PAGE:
Software Supporting Processes Not the Other Way Around

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What was funny about that exercise were the looks we got from the no nonsense King of IT: “Of course, we want things to be simple and flexible — why are you bothering to tell us this?” Yet, in the next sentence, they are talking about spending 3 million dollars on a packaged application to help them with one small part of their business, rather than building it themselves (which we all thought would be cheaper but take longer). That’s $3,000,000. But, of course, the packaged application talks directly to their databases, meaning that we can no longer freely make changes to the database without breaking the package, meaning that we can’t evolve the database, meaning that we’ve lost both simplicity and flexibility. Over and over, they complain when we talk about rethinking their priorities, then turn around and make the same decisions that got them where they are now. Frustrating!

This is a good post on the systemic drivers of complex processes, take the time to read the whole post. I have a bias is against off the shelf software as it often ends up forcing the process to be designed around the software. And with the amazing power and relative ease of web based applications creating solutions that are specifically designed to the organization are often relatively easy. And yet, as indicated in this article there is often a strong bias in the other direction for buying off the shelf software because it is cheaper and/or faster.

Of course, the decision in each case must be weighed to determine the benefits and cost of the various alternatives. Just remember, if you decide you want simple and flexible, to have your decisions reflect that. I enjoy a telling quote from a software vendor on Toyota’s IT expectations: “it demands that the software or technology be flexible and adapt, often by customizing the code, to its business processes, and not the other way around.” They are right.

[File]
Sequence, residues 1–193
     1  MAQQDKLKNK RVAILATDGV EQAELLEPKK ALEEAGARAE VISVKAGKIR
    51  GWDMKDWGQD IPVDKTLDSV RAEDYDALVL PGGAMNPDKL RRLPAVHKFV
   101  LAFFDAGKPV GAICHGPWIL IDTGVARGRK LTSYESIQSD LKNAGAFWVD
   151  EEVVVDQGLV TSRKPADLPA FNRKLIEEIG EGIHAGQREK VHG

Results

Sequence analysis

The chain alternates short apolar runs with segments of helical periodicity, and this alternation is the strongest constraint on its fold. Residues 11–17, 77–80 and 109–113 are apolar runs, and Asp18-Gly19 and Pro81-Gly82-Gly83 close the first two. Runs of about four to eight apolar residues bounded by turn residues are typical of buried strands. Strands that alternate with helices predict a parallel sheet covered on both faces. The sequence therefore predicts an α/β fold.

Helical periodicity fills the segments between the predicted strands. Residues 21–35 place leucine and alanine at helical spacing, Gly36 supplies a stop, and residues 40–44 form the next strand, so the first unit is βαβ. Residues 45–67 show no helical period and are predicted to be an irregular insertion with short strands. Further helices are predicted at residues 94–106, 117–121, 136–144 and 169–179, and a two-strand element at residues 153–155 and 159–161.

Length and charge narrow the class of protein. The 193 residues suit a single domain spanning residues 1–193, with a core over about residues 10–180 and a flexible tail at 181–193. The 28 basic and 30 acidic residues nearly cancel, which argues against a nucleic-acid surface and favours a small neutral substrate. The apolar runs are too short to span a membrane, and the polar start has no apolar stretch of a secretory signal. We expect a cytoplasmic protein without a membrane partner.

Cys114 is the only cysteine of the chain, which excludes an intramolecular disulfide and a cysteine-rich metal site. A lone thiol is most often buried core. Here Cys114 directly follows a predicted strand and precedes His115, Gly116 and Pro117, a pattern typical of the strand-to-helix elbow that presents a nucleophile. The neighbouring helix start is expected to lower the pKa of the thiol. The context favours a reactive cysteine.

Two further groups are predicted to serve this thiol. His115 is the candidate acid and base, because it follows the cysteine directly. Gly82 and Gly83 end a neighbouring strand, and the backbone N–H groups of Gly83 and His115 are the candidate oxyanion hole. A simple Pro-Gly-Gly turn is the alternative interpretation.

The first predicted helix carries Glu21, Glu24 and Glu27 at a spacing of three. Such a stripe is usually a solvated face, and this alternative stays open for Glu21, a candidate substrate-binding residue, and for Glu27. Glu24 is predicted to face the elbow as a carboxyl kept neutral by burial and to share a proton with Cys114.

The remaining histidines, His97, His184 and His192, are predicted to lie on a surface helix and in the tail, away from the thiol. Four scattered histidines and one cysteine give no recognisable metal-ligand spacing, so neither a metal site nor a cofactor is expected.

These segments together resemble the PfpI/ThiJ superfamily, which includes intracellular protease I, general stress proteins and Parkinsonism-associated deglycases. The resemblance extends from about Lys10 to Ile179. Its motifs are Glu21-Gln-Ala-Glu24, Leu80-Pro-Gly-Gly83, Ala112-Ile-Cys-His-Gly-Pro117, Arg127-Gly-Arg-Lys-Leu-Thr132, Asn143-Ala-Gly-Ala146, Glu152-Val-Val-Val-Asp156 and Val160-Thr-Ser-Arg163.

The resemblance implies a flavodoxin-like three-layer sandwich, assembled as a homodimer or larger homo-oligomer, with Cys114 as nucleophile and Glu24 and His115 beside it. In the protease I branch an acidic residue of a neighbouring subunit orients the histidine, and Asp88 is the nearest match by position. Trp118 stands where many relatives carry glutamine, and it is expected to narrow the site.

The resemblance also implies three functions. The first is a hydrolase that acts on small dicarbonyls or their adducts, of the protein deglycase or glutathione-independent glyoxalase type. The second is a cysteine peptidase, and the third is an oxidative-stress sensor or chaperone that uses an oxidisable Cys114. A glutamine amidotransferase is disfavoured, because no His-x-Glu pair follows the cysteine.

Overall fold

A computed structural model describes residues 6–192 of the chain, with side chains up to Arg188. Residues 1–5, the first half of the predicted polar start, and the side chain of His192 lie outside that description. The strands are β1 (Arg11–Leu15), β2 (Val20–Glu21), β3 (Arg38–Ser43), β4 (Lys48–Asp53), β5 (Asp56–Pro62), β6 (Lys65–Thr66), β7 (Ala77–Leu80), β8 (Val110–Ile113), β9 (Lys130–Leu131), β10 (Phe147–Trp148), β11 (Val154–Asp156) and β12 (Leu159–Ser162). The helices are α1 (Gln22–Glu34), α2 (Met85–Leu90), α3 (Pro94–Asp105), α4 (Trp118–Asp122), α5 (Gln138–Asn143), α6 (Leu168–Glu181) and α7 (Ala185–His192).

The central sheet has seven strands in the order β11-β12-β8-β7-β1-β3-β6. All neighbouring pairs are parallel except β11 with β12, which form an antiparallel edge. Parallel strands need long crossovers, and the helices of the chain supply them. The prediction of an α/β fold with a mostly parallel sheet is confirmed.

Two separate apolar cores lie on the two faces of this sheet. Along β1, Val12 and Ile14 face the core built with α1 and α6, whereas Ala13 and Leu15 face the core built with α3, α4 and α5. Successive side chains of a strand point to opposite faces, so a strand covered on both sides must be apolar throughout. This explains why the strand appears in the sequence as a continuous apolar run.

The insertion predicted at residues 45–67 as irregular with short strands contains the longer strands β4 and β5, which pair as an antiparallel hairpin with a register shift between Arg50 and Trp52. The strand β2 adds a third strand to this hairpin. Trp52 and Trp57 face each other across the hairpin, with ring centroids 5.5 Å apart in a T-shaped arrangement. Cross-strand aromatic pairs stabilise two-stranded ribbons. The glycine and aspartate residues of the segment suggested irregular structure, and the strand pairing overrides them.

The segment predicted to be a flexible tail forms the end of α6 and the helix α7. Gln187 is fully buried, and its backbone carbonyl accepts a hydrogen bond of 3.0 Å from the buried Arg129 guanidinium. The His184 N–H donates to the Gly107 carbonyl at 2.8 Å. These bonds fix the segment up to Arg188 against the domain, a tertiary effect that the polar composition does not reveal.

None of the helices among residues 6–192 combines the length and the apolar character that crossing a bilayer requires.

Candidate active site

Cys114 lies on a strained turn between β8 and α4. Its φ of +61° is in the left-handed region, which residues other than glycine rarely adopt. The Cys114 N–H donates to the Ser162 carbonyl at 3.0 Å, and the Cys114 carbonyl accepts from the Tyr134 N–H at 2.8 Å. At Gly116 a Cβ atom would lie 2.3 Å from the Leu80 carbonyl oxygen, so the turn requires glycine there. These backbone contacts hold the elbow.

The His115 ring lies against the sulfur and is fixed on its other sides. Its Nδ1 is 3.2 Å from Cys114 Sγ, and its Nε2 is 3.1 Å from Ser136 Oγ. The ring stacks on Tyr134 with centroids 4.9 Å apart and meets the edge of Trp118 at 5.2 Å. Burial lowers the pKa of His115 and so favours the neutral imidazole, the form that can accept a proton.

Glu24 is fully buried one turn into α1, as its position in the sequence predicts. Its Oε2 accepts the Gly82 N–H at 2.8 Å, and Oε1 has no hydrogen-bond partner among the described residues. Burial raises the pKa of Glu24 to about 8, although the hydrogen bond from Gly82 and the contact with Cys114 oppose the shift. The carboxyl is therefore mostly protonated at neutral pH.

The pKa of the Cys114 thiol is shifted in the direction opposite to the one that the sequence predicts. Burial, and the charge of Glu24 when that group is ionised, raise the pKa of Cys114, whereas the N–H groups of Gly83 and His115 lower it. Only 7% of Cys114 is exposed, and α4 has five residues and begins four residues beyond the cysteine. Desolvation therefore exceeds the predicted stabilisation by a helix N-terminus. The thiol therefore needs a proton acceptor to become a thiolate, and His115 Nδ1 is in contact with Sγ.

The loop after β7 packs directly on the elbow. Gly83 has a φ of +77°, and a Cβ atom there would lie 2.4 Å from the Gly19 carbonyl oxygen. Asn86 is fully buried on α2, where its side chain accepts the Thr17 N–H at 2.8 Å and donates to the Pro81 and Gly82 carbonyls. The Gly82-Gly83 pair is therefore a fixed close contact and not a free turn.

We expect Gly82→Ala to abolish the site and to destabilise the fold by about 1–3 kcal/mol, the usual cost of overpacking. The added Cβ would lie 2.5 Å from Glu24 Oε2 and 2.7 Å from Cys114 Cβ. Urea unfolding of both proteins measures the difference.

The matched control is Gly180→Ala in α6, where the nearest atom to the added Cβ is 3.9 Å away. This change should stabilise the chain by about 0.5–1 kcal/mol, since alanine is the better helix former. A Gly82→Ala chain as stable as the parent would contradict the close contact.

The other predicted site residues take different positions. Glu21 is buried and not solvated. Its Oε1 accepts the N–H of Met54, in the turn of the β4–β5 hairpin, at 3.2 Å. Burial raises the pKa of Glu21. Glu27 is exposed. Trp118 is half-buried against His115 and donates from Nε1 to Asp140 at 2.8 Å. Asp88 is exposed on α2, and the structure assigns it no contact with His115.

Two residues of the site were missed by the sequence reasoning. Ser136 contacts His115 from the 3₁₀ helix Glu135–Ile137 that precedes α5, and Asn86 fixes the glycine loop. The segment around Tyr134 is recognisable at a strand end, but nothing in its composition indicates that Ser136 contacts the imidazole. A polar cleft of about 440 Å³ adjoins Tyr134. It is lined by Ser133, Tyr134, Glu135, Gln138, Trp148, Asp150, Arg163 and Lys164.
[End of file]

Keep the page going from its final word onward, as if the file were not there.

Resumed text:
Related: Agile Software DevelopmentComplicating SimplicityJoy in Software Development

9 thoughts on “Software Supporting Processes Not the Other Way Around

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  6. Scott Sorheim

    Brilliant. Came across this reading some of your other articles.

    I blogged about something similar a while back (reference a Mike Vizard article talking about the same thing…bending business process to match the IT system).

    http://leantech.com/blog/2007/06/06/one-massive-size-cant-fit-all/

    Even though I sell a packaged solution, I freely tell people when my solution DOES NOT meet their needs, and for business to not try to force it to do so. I’ve done significantly more custom development in the last couple years building systems that line up with the company’s processes. There can be a lot of value having a business system that lines up with the business process, and tremendous waste with a system not in line with the business process.

    Just like a manufacturing team would build “custom” equipment to support the best process that adds the most value to the customer, why aren’t IT thinkers thinking this same way? You wouldn’t hope for a car to come out the end of a machine that makes chairs? But that’s what people expect of THE SYSTEM (whatever system it is)…that THE SYSTEM will somehow be able to meet all of the needs of their business processes. Build smaller applications that add the most value rather than expecting THE SYSTEM to do it all.

    Reply
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